My building’s super keeps sexually harassing me! What can I do?
When most people think of “sexual harassment”, they tend to think of it as happening in the workplace. While workplace sexual harassment is an issue (see our previous posts here, sexual harassment in housing is every bit as real and problematic. It can cause great stress for residents, and the consequences for all involved can be great.
It is important to know what your rights are, what sexual harassment means, and what steps you can take. Our Award Winning New York Fair Housing Attorney generally discusses a housing case that resulted in the largest recovery ever in a sexual harassment suit brought by the Federal government under the Fair Housing Act.
United States of America et al. v. William Barnason et al.
In its lawsuit against the landlord, superintendent, and building manager of several New York City apartment buildings, the Federal government alleged that the defendants violated the Federal Fair Housing Act by discriminating on the basis of sex and subjecting numerous tenants to severe, unwelcome, or pervasive sexual harassment.
Building owner Stanley Katz had hired Baranson, a Level 3 registered sex offender, as the superintendent for the properties in question. Between 2004 and 2010, multiple female tenants complained to Katz about Baranson, complaining that he repeatedly attempted to enter their apartments while inebriated and demanded sex; groped and fondled them; subjected them to unwanted verbal sexual advances; demanded sexual favors in return for tangible housing benefits and rent reductions; and took adverse action against any tenant that refused his demands.
The landlord’s son, Stephen Katz, who was the buildings’ manager, himself created a hostile environment for the tenants by subjecting them to offensive epithets, threatened, intimidated, and humiliated the women. Rather than address the complaints, Katz ignored them. The resulting lawsuit, brought by the Federal government together with the tenants, ultimately resulted in a settlement, where the defendants agreed:
Agreed Upon Settlement Terms
1. To pay $2,000,000 to the tenants who had been alleged to been victimized by the behavior;
2. To pay $55,000 in civil penalties;
3. To be enjoined from further discriminating against any person in the terms and conditions of renting a dwelling because of sex;
4. The building owner, Stanley Katz, will be prohibited from managing his buildings;
5. Katz would also have to implement a written policy against sexual harassment at his buildings, including educating his employees about housing discrimination laws;
6. The superintendent, Barnason, is permanently enjoined from entering any of the buildings in the future, and from having any involvement in the management or maintenance of occupied rental housing properties with certain strict exceptions; and
7. The owner’s son, Stephen, would complete a program of educations training focusing on sexual discrimination.
Not included in the settlement, but as a further consequence of the action, Defendants undoubtedly spent a great deal of money on attorneys’ fees, as well.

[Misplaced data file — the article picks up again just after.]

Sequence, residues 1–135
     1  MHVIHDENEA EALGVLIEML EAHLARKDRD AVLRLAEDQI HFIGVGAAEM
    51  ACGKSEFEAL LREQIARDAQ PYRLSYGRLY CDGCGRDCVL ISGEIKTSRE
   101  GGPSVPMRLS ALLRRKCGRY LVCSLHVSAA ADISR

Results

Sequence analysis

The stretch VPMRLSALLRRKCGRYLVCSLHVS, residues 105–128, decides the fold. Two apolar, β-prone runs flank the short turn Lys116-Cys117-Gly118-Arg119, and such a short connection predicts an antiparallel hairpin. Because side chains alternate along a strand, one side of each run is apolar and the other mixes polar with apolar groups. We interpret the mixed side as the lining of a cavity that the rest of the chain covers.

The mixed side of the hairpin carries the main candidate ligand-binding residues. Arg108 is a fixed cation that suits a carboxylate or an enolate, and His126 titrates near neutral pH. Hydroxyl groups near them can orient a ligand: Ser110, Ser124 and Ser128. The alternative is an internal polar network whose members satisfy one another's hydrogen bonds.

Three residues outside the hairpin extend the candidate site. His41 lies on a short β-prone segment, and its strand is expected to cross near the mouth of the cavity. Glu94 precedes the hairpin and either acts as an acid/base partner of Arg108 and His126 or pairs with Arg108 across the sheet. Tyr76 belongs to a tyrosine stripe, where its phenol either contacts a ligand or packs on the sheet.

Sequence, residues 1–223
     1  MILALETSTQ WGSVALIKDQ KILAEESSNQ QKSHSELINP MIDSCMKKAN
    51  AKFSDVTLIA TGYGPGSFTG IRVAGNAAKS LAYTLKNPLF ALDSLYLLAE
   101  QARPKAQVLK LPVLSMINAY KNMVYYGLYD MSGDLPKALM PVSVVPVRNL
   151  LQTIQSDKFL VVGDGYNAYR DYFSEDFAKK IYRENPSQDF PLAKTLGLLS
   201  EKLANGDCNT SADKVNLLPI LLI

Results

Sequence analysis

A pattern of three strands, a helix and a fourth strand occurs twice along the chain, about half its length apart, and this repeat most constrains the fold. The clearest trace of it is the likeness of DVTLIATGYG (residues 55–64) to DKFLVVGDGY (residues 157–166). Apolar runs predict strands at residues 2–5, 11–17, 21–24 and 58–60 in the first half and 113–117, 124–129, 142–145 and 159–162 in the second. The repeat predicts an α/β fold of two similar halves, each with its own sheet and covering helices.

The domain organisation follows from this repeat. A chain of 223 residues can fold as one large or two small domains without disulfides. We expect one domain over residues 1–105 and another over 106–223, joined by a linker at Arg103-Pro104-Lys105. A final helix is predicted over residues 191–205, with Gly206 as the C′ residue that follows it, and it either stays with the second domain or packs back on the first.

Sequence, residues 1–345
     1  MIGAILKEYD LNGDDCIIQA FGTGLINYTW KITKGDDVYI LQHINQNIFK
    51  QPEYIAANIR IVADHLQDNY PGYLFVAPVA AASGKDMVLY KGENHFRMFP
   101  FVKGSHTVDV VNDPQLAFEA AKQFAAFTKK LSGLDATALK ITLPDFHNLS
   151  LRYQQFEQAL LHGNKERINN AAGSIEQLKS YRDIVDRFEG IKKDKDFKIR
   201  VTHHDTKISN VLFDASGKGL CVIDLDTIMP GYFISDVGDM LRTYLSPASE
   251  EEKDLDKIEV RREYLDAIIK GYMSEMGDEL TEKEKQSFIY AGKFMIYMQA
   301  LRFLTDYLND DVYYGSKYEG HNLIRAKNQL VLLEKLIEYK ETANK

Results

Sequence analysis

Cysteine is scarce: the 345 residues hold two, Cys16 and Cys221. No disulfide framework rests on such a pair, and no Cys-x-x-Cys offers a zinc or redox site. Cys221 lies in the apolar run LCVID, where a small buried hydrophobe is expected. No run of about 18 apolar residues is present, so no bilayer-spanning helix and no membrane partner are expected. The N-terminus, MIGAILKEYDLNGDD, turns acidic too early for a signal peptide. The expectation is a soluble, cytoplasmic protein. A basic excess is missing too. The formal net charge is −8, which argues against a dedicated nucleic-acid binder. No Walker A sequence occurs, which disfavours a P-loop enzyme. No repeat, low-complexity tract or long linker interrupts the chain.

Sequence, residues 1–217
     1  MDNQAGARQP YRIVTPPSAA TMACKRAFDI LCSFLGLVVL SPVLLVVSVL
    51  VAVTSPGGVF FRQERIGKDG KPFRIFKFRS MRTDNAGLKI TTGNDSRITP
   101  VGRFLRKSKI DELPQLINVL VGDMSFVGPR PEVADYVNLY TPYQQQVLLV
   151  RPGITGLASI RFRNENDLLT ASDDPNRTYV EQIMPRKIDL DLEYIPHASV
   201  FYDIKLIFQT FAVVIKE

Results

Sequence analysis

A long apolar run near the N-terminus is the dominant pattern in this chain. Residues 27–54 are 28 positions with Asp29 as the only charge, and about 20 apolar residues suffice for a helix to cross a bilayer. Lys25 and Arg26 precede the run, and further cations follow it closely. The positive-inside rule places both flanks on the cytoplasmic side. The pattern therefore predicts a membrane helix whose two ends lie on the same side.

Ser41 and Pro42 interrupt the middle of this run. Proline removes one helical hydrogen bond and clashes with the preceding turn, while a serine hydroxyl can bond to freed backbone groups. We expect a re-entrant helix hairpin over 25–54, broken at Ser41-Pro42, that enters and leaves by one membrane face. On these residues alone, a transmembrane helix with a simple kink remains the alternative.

The conduct at issue in this case constituted severe or pervasive sexual harassment, which created a hostile environment for the female tenants and/or amounted to quid pro quo harassment in violation of federal laws.
So what constitutes sexual harassment in housing?
Sexual harassment can include unwanted sexual advances, requests for sexual favors, or other unwelcome verbal or physical conduct of a sexual nature. Sexual harassment can occur to any person, male or female, and can be committed by someone of the same sex or some- one of the opposite sex.
There are generally two types of sexual harassment that are recognized:
(1) quid pro quo sexual harassment (i.e., when a housing provider, or their employee, agent or contractor conditions access to, or retention of, housing or housing-related services or transactions on a victim’s submission to sexual conduct- such as when Barnason would offer rent reduction in return for sexual favors and then take adverse action against the women if they didn’t comply); and
(2) hostile environment sexual harassment (i.e. when a housing provider or their employee, agent or contractor, or in certain circumstances even another tenant, engages in sexual behavior of such severity or pervasiveness that it alters the terms or conditions of tenancy and results in an environment that is intimidating. hostile, offensive, or otherwise significantly less desirable- such as when Barnason would attempt to enter the women’s apartments while demanding sex.)
So what can I do about it?
2. Document or memorialize the events as soon as they happen. Try to preserve any and all evidence of the alleged activity, and identify any witnesses that can verify what you’re alleging.
3. Be aware that there are several options available to you- from bringing suit in federal or state court, to filing with an administrative agency.
Finally- If you believe that you have been sexually harassed at home, call us at (800) 893-9645 to learn your rights. Each case is different and requires specific analysis. This blog post discusses this topic in general. You should seek legal advice on your specific situation.
In all the world, your home should be the place where you feel the most safe and secure. Sexual harassment by a landlord, cooperative or condominium board member, or an employee of a building creates an environment of fear, distrust, and unease. It does not have to be tolerated. Call us today for a confidential consultation.
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